The Therapeutic Approach for Relapsed CML - Episode 4
Javier A. Pinilla-Ibarz, MD, PhD:There is no doubt that all the drugs that we are going to prescribe for patients who fail from frontline imatinib can be used in this setting. Ponatinib is one of the choices. I think it’s something that we discuss with patients after frontline failure. It’s true that ponatinib may be indicated many, many times after failure of second-generation TKIs, so we know that in this setting, it has the higher effectivity. However, you may consider, in certain situations, to reuse ponatinib as a second-line therapy. Because of the cardiovascular toxicity associated with this drug, sometimes you have to really weigh the risk benefit to really introduce these early on rather to wait until patients fail a second-generation TKI. In this case, your choices will be nilotinib, bosutinib, or dasatinib. However, it’s important to emphasize that in this specific case, all of these 3 drugs may be associated with side effects that this patient has a history of. For example, prolonged QTC. Although prolonged QTC is a class effect, this patient had this problem previously. And not only for nilotinib, rather for all the TKIs, it is something that needs to be taken into consideration and really looked after.
The second one is the problems with the history of lung cancer and pleural effusion. Although it’s not really clear the problems of pulmonary function in this patient, dasatinib may, in patients like that, induce or predispose patients to really have farther pleural effusion. So, this is an important factor to be considered.
Finally, bosutinib is very well tolerated in this setting. In some casesand in the long, long follow-ups—it may be associated with decrease of renal function, so it’s something that also needs to be taken into consideration. Finally, ponatinib after this consideration may be an option, but obviously, it’s important to produce or to recommend dose modification because 45 mg, the current dose approved by the label, may be extremely toxic in patient like him. So, lower doses of 30 mg, with even more decrease of the dose when the response is achieved, may be recommended to substantially decrease the potential toxicities, including the cardiovascular toxicity, that have been associated with this drug.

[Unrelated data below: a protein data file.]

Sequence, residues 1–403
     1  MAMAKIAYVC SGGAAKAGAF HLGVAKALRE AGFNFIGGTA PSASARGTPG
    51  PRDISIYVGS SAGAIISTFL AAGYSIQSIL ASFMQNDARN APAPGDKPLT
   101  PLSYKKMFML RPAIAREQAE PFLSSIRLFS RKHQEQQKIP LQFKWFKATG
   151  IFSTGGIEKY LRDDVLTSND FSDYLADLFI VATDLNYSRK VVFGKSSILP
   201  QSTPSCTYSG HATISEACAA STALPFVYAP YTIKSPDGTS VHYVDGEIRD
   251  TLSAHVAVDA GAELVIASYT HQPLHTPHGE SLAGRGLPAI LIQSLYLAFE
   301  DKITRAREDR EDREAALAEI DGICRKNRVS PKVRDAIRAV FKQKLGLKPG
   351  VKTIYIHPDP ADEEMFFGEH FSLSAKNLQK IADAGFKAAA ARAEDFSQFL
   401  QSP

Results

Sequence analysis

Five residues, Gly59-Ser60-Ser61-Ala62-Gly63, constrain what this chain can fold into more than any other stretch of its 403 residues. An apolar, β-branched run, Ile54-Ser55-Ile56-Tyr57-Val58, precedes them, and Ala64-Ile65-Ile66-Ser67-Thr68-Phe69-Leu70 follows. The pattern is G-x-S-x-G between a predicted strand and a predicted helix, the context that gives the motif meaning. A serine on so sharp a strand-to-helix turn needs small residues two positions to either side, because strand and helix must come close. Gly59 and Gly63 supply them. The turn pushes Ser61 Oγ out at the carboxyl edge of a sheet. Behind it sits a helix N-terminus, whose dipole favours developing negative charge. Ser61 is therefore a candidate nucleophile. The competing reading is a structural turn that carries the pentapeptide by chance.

In my experience of treating a chronic phase CML with ponatinib, it’s important to consider the dosing. Once again, the current approved dose to start a therapy is 45 mg. However, we know that this dose sometimes exposed patients to certain toxicities. They may ask to reduce the dose immediately. This is the reason that many of my colleagues, including myself, start at the dose of 30 mg to really see a better tolerance. We know that ponatinib, today, is the more potent tyrosine kinase inhibitor that we have available. We know that it’s able to suppress any kinase or mutation present in the patient, and also produce a substantial response in patients who don’t have a kinase main mutation responsible for the resistance. This is the reason why ponatinib should be considered for the treatment of patients who have resistant CML, who are really failing frontline or second-line second-generation tyrosine kinase inhibitors, and always taking into consideration dose reduction from the very beginning. The patient can achieve responses that can be seen very, very fast with this drug in order to decrease, significantly, the toxicities that these drugs may be associated with in the long run.
Transcript edited for clarity.
A Patient With Relapsed CML and Comorbidities